Why I evangelise through music —Wale Adenuga

Pastor Wale Adenuga is a singer, song writer, social entrepreneur, public speaker and pastor-in-charge of the Redeemed Christian Church of God (RCCG), Jubilee Christian Centre, Lagos. With over two decades’ experience of ministering the gospel through music, as a social entrepreneur, he is the convener of the annual ‘Worship for Change’ concerts, through which over N20 million has been raised for the benefit of over 1,500 orphans and children with special needs. RITA OKONOBOH had an interaction with him.

HOW long have you been a music minister and what has the experience been like so far?

It’s been since 1988, when I gave my life to Christ at the University of Ife, now Obafemi Awolowo University. It has been an interesting experience so far.


What challenges have you faced as a minister of the gospel?

When I do my music, I look at affecting people, one person at a time. There are times I meet someone who has been blessed by my music six years after the ministration. It has been the grace of God. If you know how much you have been a blessing to people, then there could be a problem.


Are you a member of the popular RCCG Praise Team?

Well, I’m not part of the praise team. However, I do worship sessions at the RCCG camp ground.


What is the driving force behind the popular ‘Worship for Praise’ concert?

I got to a point in my life where I asked myself what I wanted, fame, more fame or great impact. The truth is that once you have a name and a little fame, you can leverage on that fame to do something better for people. So, we decided to have benefit concerts which will focus on orphans and children with special needs. The concerts are an annual event, and we choose a specific charity or orphanage and we raise money for them. We haven’t done so much, but in the past 10 years, we have raised about N25 million. It doesn’t seem like a lot but for many of these charity organisations, receiving a cheque of N3 million moves them to tears and you wonder. For me, it’s not really about the money the organisation gets. The concerts are also a way to bring the organisation to the attention of the attendees of the concert, and after the event, they get more donations. The effect just snowballs.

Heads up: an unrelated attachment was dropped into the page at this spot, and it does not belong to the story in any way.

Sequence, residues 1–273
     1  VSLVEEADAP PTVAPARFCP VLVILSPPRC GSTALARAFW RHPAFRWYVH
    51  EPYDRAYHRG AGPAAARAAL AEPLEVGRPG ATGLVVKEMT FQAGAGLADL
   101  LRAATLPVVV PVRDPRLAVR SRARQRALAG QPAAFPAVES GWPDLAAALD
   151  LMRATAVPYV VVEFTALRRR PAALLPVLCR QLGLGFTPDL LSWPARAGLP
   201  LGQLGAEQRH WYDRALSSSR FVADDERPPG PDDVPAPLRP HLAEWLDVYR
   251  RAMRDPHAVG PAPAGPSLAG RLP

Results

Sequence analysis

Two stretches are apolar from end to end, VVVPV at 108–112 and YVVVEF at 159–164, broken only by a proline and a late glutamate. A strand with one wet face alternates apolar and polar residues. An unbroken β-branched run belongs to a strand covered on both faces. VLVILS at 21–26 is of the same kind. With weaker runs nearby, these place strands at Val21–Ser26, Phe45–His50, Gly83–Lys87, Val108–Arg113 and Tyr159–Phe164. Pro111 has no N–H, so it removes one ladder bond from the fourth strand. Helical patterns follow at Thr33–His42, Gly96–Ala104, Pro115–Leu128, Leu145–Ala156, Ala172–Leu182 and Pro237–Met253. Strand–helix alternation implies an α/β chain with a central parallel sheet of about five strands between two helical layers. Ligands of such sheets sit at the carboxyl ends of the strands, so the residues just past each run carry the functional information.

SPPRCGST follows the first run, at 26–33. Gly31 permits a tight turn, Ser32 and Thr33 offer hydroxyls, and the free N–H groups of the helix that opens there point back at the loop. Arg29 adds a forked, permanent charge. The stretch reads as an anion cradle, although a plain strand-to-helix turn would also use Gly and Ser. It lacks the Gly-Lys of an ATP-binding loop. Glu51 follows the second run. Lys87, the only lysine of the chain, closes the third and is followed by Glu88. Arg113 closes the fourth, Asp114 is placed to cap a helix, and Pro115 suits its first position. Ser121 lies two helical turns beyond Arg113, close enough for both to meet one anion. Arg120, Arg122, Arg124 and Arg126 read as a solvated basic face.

Is the concert not also for evangelism?

Well, we reach out to souls, so we could say we evangelise.


What else are you into apart from music?

I organise conferences. For instance, recently, I had a conference called the Green with Creativity conference which Vice President Yemi Osinbajo, Ali Baba, Jimi Tewe attended. The idea was to challenge people’s way of thinking. It’s a challenge for people to do things differently, especially with the state of the economy.


You have performed alongside international gospel artistes, such as Bob Fitts. With your experience, do you think Nigeria has what it takes to shine globally?

I think we do. It’s just that we don’t have the structure at home. However, if the artiste operates on an international platform, there is better opportunity. Here, no one knows how many records are being sold. There is also the issue of piracy.


Now in your 28th year of the ministry, how many albums do you have to your credit?

I didn’t start recording till around 1997. Till date, I have about seven or eight albums.


What kind of books do you read?

I read different kinds of books, not just about music. I read books on business and on pastoring. It depends on the appeal. I have to read because I pastor and it will reflect in my teaching. Also, some of the activities I am engaged in involve creativity, so I have to read books.


How do you create a balance with your busy schedule?

I became a pastor six years ago and that is a different kettle of fish from the music ministry. However, by the grace of God, things have been moving on.


How did you discover your talent? Is there any creative person in the family?

It just happened. I didn’t study music. I just knew that I could sing. Growing up, it would have been a problem if I had told my father I wanted to sing. The popular Wale Adenuga of Super Story is my uncle. My younger brother sings as well. However, I draw my inspiration from God.


How do you address young Christians who come to you for advice on following in your footsteps?

People come to me and say they want to minister with the gospel. Because of my schedule, I may not be able to minister to them one by one. So, what I do is to organise a gathering to share experience and educate them.